Public health responses to the pandemic have focused on dealing with the coronavirus, but attention is now turning to the growing list of negative effects of COVID-19 containment measures. One such problem is the low level of fitness among children and teenagers.
One measure of fitness is cardio fitness (or cardio-respiratory fitness, to give it its full name), which is the ability of the heart, lungs and blood vessels to deliver oxygen to the cells in the body. This type of fitness can be assessed using step tests (stepping on and off a step, then measuring heart-rate recovery), distance runs and beep tests (also known as bleep tests), which measure the number of 20 metre runs, back and forth, a person can make before exhaustion.
Cardio fitness is important because it is related to children’s learning and academic attainment. It is also related to their current and future health, wellbeing and quality of life. Fitter children and teenagers learn better and are healthier than less fit people, and they tend to be fitter and healthier as adults.
Many countries are poor at monitoring the fitness of their young people. Our 2018 research in 49 countries found that only 22 of the 49 countries had useful national cardio fitness data. Fitness was adequate in only around 40% of children and teenagers, globally. And in most countries we found a clear trend: fitness of young people has declined, globally, over the past few decades. Modern children are less fit than children in the past. They are also fatter.
The steady decline in fitness of children and teenagers over the past few decades may have been accelerated by the lockdown. At the start of lockdown, we predicted that less time outdoors, increased time at home and absence from school would reduce the level of physical activity needed to maintain children’s fitness.
Our recent study from Canada found that children and teenagers had reduced their time outdoors, reduced physical activity and increased screen-time during the lockdown, possibly further reducing cardio fitness. If true, this acute decline in fitness in 2020 has probably made the current generation of children the least fit in history.
Fitness is about more than just the cardio-respiratory system. Musculoskeletal fitness (muscle strength, endurance and flexibility) also matters to health. Children’s musculoskeletal fitness has also been declining over recent decades and has probably also declined more recently because of reduced physical activity during the lockdown. Declining muscle and bone fitness will lead to increased frailty, poorer balance (with increased risk of falls) and weaker bones in later life.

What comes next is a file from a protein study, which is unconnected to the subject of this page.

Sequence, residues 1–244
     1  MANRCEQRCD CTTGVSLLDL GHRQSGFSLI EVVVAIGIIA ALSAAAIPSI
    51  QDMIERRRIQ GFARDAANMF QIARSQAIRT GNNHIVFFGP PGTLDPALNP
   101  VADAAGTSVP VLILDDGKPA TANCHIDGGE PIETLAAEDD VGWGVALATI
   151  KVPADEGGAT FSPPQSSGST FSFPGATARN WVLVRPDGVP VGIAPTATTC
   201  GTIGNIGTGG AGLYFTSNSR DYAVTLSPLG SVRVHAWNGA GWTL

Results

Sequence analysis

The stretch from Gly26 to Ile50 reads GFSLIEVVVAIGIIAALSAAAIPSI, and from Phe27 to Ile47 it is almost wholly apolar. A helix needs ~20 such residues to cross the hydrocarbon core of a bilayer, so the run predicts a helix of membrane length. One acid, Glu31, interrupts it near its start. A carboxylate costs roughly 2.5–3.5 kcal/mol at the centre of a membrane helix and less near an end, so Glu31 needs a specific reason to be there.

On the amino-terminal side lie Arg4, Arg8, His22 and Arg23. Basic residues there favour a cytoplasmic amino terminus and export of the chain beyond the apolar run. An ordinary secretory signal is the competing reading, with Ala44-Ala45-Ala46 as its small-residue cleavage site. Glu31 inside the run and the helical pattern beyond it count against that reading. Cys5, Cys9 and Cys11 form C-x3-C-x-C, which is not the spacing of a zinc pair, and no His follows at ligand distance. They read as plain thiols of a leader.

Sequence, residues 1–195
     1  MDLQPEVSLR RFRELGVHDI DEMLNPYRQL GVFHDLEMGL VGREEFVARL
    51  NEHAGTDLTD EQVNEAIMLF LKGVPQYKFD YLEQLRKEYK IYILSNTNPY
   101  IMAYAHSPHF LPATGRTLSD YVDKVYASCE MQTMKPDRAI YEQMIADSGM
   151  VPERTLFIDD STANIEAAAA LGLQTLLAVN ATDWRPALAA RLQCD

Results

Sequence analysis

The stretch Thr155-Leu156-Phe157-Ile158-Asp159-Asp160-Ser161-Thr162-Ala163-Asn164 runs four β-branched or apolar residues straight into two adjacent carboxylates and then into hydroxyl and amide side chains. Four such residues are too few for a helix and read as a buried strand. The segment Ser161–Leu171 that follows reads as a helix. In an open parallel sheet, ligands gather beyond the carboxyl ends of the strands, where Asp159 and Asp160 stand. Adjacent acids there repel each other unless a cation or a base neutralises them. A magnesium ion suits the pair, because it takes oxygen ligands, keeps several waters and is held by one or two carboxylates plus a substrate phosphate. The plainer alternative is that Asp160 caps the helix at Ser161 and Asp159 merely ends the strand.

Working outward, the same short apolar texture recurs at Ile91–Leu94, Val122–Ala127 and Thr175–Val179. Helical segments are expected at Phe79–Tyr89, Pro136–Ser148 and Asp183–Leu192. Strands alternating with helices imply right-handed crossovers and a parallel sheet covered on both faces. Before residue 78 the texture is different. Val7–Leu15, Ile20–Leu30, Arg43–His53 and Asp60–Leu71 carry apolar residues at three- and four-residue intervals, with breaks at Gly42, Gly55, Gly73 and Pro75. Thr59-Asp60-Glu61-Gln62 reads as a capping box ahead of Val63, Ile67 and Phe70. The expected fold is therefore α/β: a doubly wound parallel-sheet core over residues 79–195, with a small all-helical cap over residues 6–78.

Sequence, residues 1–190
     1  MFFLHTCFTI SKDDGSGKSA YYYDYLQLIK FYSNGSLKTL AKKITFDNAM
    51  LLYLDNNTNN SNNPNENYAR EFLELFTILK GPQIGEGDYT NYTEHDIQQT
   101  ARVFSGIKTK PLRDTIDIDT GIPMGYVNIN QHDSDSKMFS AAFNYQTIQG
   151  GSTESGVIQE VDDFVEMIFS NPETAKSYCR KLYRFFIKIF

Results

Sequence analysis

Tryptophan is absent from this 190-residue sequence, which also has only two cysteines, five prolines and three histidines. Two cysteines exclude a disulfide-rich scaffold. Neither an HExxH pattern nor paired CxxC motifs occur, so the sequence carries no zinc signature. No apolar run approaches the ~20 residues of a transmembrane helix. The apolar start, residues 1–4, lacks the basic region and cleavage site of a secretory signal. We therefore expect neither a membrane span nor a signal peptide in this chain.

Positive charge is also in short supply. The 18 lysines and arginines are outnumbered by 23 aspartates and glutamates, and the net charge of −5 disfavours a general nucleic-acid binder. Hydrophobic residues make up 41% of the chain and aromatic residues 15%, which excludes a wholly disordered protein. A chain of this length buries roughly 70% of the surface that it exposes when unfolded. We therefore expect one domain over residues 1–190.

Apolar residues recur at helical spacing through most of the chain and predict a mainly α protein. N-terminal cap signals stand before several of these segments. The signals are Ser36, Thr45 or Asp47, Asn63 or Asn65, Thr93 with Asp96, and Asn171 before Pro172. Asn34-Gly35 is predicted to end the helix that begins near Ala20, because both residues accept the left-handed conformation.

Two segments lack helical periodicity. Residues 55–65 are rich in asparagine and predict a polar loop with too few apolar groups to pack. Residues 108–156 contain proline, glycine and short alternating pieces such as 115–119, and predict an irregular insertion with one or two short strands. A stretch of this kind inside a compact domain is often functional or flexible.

Our caution about changes in the fitness of children and teenagers during the lockdown arises from the limited monitoring of fitness in most countries. Fitness has probably declined in many young people, but this decline will be hard to confirm if we don’t monitor children’s fitness more systematically than we have done in the past.
Lack of national fitness monitoring means that the fitness crisis is almost invisible. If we don’t monitor fitness, then it is unlikely we will make efforts to remedy it.
Reasons for optimism
Despite low and declining child and teen fitness, globally, there are reasons to be optimistic. Our 2018 global research found that around 90% of children and teenagers in Japan had adequate fitness, in part because they are more active and have lower levels of body fat than children in many countries.
Better monitoring of fitness can also be helpful. In Slovenia, for example, a national fitness monitoring programme in primary and secondary schools identified that fitness was declining. A healthy lifestyle programme was put in place as a response, and now, over 80% of Slovenian school pupils have adequate fitness and physical activity.
As schools have started to reopen, there is a recognised need to tackle problems caused or exacerbated by the coronavirus, such as the mental-health crisis among young people. Low and declining physical fitness is a less visible crisis but one with serious long-term consequences. We could start addressing it by monitoring fitness as schools reopen.
John J Reilly, Professor of Physical Activity and Public Health Science, University of Strathclyde and Mark S Tremblay, Professor of Pediatrics in the Faculty of Medicine, L’Université d’Ottawa/University of Ottawa